At the first meeting of the Olympia Academy, students discussed such topics as the nature of knowledge, the rise of technology, morality, ethics, science versus religion and the saying "everything happens for a reason."
The creators of the new club at the University of Arizona aim to bring back a sense of intellectualism to the university that they think has been missing. They meet weekly for intellectual conversations on a wide array of topics including math, science, religion and politics.
Their first meeting as a UA club was Jan. 25. The club was created in homage to Albert Einstein, who created the first Olympia Academy.
Besides stimulating conversation, the club offers exposure to knowledge and information that goes beyond the walls of the classroom.
"School gives you the tools to get a job, to make money, to survive," said Charlie Maxwell, a junior majoring in math and physics and a co-creator of the club. "But there's more to life than that and school doesn't prepare you for any of it."
The creators said the club is for the open exchange of ideas.
"We want to hear everyone's opinions," said Taylor Siebenberg, a co-creator of the club and a junior majoring in math and physics. "It's a lot more to work with and you can really see the bigger picture. You can make the world more clear for you."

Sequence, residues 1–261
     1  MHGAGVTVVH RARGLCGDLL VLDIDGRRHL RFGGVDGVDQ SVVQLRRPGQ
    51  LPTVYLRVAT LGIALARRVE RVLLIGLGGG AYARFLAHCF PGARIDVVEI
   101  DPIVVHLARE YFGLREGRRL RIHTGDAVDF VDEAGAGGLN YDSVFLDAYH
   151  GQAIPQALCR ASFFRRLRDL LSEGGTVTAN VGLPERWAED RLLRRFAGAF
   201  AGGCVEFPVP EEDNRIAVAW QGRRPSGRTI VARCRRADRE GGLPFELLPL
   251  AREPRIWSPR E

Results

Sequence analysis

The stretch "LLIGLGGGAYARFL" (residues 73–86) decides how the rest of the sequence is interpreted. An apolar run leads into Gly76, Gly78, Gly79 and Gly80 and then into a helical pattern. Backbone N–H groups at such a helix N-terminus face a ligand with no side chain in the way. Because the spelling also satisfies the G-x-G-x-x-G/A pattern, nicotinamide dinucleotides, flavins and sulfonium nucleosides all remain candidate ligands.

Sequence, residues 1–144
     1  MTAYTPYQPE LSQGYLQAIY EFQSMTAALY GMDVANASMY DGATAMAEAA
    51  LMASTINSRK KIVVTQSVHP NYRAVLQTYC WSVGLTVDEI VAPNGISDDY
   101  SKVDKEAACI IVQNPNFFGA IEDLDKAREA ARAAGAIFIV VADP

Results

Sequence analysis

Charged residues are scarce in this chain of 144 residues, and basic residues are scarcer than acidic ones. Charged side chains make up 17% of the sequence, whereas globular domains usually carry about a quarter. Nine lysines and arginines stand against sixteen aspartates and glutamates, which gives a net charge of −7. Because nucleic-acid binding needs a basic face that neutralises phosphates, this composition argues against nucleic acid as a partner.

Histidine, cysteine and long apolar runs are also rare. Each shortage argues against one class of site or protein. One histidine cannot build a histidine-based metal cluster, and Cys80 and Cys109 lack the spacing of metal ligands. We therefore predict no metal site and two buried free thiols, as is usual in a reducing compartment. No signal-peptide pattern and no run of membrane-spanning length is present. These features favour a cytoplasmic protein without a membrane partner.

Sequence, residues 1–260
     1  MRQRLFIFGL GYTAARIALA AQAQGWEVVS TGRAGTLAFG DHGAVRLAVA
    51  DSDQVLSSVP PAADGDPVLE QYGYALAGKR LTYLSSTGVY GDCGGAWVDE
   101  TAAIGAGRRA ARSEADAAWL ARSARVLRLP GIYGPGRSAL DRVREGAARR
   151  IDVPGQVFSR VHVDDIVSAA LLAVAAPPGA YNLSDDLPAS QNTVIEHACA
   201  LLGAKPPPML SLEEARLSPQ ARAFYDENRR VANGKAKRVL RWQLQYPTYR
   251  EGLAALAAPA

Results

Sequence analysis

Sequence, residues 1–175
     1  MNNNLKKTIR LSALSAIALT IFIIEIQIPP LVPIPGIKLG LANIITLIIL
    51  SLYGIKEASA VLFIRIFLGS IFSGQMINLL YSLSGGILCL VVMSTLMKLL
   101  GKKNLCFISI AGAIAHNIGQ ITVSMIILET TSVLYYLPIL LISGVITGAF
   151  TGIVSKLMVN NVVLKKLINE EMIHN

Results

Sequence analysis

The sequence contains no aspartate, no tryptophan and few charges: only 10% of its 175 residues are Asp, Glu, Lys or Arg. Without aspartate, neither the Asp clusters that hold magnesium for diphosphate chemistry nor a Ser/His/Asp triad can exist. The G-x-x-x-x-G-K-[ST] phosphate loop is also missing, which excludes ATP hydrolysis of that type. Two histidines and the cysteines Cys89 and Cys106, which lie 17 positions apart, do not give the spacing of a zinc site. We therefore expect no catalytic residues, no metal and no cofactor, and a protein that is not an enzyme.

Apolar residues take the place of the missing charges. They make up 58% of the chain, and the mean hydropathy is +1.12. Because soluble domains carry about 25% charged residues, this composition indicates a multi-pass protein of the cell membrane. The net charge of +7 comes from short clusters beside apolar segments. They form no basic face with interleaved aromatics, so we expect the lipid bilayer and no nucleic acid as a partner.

Justin Ullman, an original member of Olympia Academy and a junior majoring in math, said the club lets students think critically and draw their own conclusions.
When the group was drafting its constitution, "it was most important that we had a section about trying to stay calm and rational and question yourself as much as you question others," Ullman said.
Raymond Sanchez, an original member of Olympia Academy and a sophomore majoring in neuroscience, said he feels strongly about the club's goals.
"The idea is that there's not enough open-minded, intelligent conversation between people," Sanchez said. "Most of the encounters you have with people on a daily basis are very superficial."
Although Olympia Academy had its first official on-campus meeting Jan. 25, the group has been gathering for discussion since Sept. 21. The co-creators and original members were excited to become a UA club because of the opportunity to invite more students to the discussions.
"Everyone has something to say," Maxwell said, "and we're just trying to get people to come out and say it."
Ullman said he believes the club shapes young minds.
"Members of Olympia Academy attend meetings because they want to grow their mind, be more intelligent, be well-spoken," Ullman said. "That's the function I think Olympia Academy serves - intellectual growth."
Students who have attended meetings have taken a liking to the club and its idea, Siebenberg said.
"You better yourself, learn how to communicate well, learn how to portray your mind and learn how to convey your ideas to everyone," Siebenberg said.
Members not only have the opportunity to converse with peers, but also with UA professors from different departments. John Pollard, director of the general chemistry department, is the club's faculty adviser.
"Dr. Pollard is a great addition to the group," Siebenberg said. "He draws attention, keeps the conversation unified and has a lot of knowledge to bring to us."
The members are so excited about the club's future that they suspect other college kids will love the concept, too. "I personally want to see it expand farther than just UA," Siebenberg said.
Drew McCullough is a University of Arizona student who is an apprentice at the Star. Contact him at 573-4117 or at email@example.com